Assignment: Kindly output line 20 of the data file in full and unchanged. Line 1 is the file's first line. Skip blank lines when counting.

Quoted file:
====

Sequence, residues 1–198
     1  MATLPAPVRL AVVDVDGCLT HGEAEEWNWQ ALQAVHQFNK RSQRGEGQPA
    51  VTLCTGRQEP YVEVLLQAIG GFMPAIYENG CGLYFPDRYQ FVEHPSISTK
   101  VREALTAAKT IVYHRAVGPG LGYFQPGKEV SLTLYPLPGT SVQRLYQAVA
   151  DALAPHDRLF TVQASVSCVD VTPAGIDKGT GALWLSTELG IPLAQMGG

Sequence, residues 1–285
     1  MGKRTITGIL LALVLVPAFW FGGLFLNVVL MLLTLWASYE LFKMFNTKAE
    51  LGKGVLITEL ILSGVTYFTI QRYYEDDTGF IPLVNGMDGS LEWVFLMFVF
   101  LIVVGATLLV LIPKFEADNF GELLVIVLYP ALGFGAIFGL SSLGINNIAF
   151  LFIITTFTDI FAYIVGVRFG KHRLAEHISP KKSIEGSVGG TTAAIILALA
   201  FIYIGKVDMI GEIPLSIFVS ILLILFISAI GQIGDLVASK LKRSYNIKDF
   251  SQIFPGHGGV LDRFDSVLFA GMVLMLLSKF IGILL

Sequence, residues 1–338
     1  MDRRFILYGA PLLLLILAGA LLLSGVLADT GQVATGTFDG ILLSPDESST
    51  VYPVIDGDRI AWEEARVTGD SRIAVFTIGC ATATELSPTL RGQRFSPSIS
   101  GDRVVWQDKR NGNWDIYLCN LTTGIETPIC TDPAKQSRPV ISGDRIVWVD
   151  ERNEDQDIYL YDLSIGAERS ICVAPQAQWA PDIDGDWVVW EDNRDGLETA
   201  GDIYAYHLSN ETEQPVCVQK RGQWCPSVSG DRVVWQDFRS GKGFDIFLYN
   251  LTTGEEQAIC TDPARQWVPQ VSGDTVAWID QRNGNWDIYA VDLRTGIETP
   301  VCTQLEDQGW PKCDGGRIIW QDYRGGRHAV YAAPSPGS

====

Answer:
   301  VCTQLEDQGW PKCDGGRIIW QDYRGGRHAV YAAPSPGS